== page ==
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Hemolytic anemia

Last updated: September 3, 2020

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Hemolytic anemias are a group of conditions characterized by the breakdown of red blood cells. Hemolysis is caused by either abnormalities in the RBCs themselves (in hemoglobin, the RBC membrane, or intracellular enzymes), known as corpuscular anemia, or by external causes (immune-mediated or mechanical damage), known as as extracorpuscular anemia. All hemolytic anemias result in varying degrees of fatigue, pallor, and weakness (from asymptomatic disease to life-threatening hemolytic crisis), although some forms of hemolytic anemia have more specific findings (e.g., venous thrombosis in paroxysmal nocturnal hemoglobinuria). They also have common laboratory findings, including elevated indirect bilirubin and lactate dehydrogenase, reticulocytosis, and decreased haptoglobin levels. The Coombs test helps to distinguish between autoimmune (positive Coombs test) and nonautoimmune anemias (negative Coombs test). Treatment involves RBC transfusions as required but otherwise depends on the specific type of hemolytic anemia and its causes.

Types and etiologies of hemolytic anemia

Hemolytic anemias are characterized by an excessive breakdown of red blood cells (RBCs). They can be classified according to the cause of hemolysis (intrinsic or extrinsic) and by the location of hemolysis (intravascular or extravascular).

Type Definition Causes
By RBC pathology
Intrinsic hemolytic anemia
  • Increased destruction of RBCs due to a defect within the RBC
Extrinsic hemolytic anemia
  • Abnormal breakdown of normal RBCs
By location of RBC breakdown
Intravascular hemolytic anemia
  • Increased destruction of RBCs within the blood vessels
Extravascular hemolytic anemia

References: [3][4]

Serum studies [5][6][7]

General findings

Specific workup for hemolytic anemia [5][6]

Coombs test [9]

This test detects antibodies and/or complement proteins on the surface of RBC; (direct test) or in serum (indirect test). The test uses Coombs serum, which contains anti-human globulins. A positive result in a patient with hemolysis supports the diagnosis of antibody-mediated, extracorpuscular anemia.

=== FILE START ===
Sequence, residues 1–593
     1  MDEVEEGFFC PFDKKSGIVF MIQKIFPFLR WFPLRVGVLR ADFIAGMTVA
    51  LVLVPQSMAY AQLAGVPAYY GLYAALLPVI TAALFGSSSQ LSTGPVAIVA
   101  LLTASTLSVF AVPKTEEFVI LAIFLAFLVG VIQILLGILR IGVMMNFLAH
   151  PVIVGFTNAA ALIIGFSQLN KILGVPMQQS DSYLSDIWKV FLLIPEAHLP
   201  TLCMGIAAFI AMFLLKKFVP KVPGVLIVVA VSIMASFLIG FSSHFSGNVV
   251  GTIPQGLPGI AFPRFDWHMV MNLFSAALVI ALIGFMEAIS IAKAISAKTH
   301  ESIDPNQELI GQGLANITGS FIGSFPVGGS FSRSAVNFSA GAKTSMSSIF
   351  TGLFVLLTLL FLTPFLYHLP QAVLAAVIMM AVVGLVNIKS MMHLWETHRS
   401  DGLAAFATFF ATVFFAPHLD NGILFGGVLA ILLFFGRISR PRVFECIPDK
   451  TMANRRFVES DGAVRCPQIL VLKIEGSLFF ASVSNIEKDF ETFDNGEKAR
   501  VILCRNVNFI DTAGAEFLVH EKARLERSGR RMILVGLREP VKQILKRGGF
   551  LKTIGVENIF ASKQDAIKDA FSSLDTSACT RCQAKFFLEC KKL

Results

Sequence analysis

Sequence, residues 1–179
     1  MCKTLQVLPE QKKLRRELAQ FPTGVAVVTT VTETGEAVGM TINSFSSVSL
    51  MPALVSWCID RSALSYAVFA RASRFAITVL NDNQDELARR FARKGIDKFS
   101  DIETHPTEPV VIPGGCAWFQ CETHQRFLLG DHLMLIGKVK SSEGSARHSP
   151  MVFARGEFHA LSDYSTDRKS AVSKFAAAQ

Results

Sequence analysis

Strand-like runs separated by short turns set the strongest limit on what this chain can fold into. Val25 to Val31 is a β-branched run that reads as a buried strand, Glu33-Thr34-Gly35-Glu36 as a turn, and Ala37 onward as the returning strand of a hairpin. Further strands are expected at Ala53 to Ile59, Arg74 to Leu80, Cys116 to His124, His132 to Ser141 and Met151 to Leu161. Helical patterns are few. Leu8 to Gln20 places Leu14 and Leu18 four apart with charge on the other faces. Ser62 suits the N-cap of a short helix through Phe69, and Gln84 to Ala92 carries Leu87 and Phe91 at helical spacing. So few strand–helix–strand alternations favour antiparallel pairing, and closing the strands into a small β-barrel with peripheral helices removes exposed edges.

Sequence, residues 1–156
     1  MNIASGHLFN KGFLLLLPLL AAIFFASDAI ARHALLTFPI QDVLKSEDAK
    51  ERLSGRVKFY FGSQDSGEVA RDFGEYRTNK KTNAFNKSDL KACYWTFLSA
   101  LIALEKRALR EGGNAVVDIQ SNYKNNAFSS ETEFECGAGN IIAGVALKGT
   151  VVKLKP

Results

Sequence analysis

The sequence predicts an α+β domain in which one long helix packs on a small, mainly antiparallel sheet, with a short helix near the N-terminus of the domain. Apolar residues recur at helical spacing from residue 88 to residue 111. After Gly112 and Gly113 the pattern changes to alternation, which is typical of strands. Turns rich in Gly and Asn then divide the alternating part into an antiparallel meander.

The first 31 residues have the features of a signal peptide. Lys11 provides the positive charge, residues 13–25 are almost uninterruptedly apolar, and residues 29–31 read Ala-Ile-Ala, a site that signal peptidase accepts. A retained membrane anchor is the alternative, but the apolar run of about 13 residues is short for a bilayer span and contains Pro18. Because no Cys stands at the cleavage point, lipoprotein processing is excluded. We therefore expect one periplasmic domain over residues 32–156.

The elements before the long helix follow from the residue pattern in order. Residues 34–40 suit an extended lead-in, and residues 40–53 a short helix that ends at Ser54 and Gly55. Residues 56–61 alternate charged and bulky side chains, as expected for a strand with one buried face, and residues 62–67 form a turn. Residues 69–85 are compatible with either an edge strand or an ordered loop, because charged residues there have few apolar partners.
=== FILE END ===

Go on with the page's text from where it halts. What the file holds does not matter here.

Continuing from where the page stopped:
Direct Coombs test

Indirect Coombs test

  • The patient's blood sample is purified so that only serum remains.
  • A donor's blood (RBC) sample is added.
  • Coombs serum is added as well.
  • The sample is analyzed for erythrocyte agglutination.
    • Erythrocyte agglutination indicates the test is positive: Preexisting, circulating, freeantibodies within patient's serum bind to the surface of the donor's RBCs, causing agglutination.
    • Absence of erythrocyte agglutination indicates the test is negative.
  • Indicated for detecting antibodies in:

The direct Coombs test detects antibodies attached directly to the RBC surface. The indirect (or not direct) Coombs test detects serum antibodies not bound to RBCs.

Peripheral blood smear [5][10]

Additional findings [11][12]

Erythrocytic membrane defects

Paroxysmal nocturnal hemoglobinuria (PNH)

Suspect PNH if a patient presents with hemolytic anemia, venous thrombosis, and pancytopenia!

Other examples

Enzyme defects

Pyruvate kinase deficiency [20][21][22]

Other examples


Hemoglobin C disease [23]

Hemoglobin Zurich [25]

Other examples

In hemoglobin C disease, there is an excess of lyCine (lysine) which substitutes the amino acid glutamic acid.

Isoimmune hemolytic anemia

Autoimmune hemolytic anemia (AIHA)

Cold agglutinin disease [26][27][28]

Cold weather is MMMMiserable: Cold (IgM) AIHA is seen in Malignancy (CLL), Mycoplasma pneumoniae, and Mononucleosis.

Warm agglutinin disease [28][29][32][33][34]

Warm weather is Great”: Warm AIHA is IgG mediated.

Microangiopathic hemolytic anemia [10][37]

Macroangiopathic hemolytic anemia

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